The warnings echoed across the country, from one local television station to the next.
"You might be drinking danger and not even know it," said Frank Robertson of WTVT in Tampa.
"Your iced tea could be a witch's brew of bacterial contamination," said Asa Aarons of WNBC in New York.
"It would be like drinking from a sewer," said Neill McNeill of WGHP in North Carolina.
"You could be ordering a glass full of fecal bacteria," said David Jackson of KCAL in Los Angeles.
"It's pretty disgusting bacteria at that," said Michael Tuck of Los Angeles' KCBS.
But many of the reports on dozens of stations, which took off during the February ratings sweeps, considerably overstated what federal health officials say is at worst a minuscule risk. Bacteria occur naturally in tea leaves, said Morris Potter, assistant director for food-borne disease at the federal Centers for Disease Control and Prevention (CDC), and these bacteria "probably aren't going to do anything to me. . . . Drinking this stuff in iced tea is very unlikely to give you gastrointestinal disease."
Many of the reporters described the bacteria as coming from human or animal waste, when in fact there was no proof of that, and scientists say it is of the natural plant variety. And no station was deterred by the lack of actual victims.
CDC spokesman Tom Skinner called it "the story that just will not go away. . . . Over the past 10 years, we've investigated literally tens of thousands of outbreaks of infectious disease due to contaminated food or drink, and in none of those outbreaks did we see any connection between illness and iced tea."
Still, the impact on the $3 billion-a-year iced tea business was immediate. Some tea companies complained of lost sales. Wendy's, Taco Bell, Boston Market and Kentucky Fried Chicken temporarily pulled iced tea from their restaurants or switched to bottled tea. Health departments from Ohio to Georgia issued advisories.
If there was a positive side to the spate of "I-team" investigations and other TV and newspaper reports, it was the spotlighting of inadequate sanitation in some restaurants. The bacteria, harmful or not, thrived in tea that was stored too long in poorly cleaned urns. But Potter says this risk pales next to improper refrigeration or inadequate grill temperatures in restaurants.
To be sure, some journalists included the fine print. On Atlanta's WAGA, Virginia Ellis noted that "there is also some scientific disagreement about how serious a threat this really poses to the public" and interviewed some critics of her findings. On KARE in Minneapolis, Dennis Stauffer cautioned that "we can't say the tea will make you sick." On WUSA in Washington, which tested samples at nine area restaurants, Jan Fox twice noted that the CDC "has never linked iced tea to a serious illness."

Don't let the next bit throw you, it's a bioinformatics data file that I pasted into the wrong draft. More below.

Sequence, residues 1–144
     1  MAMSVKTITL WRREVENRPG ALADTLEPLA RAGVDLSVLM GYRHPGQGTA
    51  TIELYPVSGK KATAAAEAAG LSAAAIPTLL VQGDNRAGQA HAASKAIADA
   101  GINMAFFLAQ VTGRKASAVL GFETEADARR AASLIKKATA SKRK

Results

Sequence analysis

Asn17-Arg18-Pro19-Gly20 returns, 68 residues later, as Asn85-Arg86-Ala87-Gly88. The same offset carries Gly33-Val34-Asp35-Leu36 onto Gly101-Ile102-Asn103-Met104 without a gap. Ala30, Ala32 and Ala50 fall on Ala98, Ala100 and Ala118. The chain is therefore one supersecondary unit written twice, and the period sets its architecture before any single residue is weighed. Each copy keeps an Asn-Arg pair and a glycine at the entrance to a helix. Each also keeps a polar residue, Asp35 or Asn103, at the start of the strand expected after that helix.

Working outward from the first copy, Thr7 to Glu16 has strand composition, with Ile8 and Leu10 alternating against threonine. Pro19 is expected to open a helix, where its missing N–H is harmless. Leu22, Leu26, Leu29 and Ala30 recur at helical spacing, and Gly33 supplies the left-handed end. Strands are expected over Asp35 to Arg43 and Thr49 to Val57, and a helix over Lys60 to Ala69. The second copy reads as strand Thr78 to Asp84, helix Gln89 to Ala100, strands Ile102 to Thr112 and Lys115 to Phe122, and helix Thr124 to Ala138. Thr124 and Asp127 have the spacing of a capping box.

The Atlanta Journal and Constitution went a step further with a story headlined "Iced Tea Scare Is Empty Brouhaha."
But on balance, the alarmist tone of many of the stories raises questions about whether the news media can properly calibrate the level of their reporting on complex scientific subjects. In an age of health warnings about everything from caffeine to Chinese food, a steady drumbeat of such reports can have a numbing effect.
"The press sometimes causes more alarm than warranted," said Nancy Cohen, an associate professor of nutrition at the University of Massachusetts. "People assume that if it's not newsworthy, the press wouldn't bother covering it. We run the risk of having consumers roll their eyes and say, Another scare.' "
The tea saga is also a textbook case of pack journalism, with many local reporters doing the same tests and repeating the same phrases, as if the story had not been done elsewhere.
"It was a case of mistaken identity, and it was very difficult for us to com municate that to the media," said Joseph Simrany, president of the Tea Council of the U.S.A. "They saw our comments as being self-serving and biased. They still went off and running, thinking they had the story of the century."
The great tea scare began in 1994 in Cincinnati, when one restaurant customer complained about a cup of foul-smelling tea. Last summer a survey by the city's health department found high bacteria counts on tea leaves in 19 of 20 restaurants, prompting the agency to issue an advisory on proper boiling and handling of tea.
"Iced Tea Worse Than River," the Cincinnati Enquirer headline said. One water quality expert was quoted as saying, "They are finding numbers we wouldn't recommend swimming in, much less drinking."
"It was a surprising and very new and unheard-of finding coming from our city health department," said Enquirer reporter Tim Bonfield. "We thought it was important to report in detail. We got mixed opinions on the level of risk involved in all this. . . . We tried to be fair and responsible."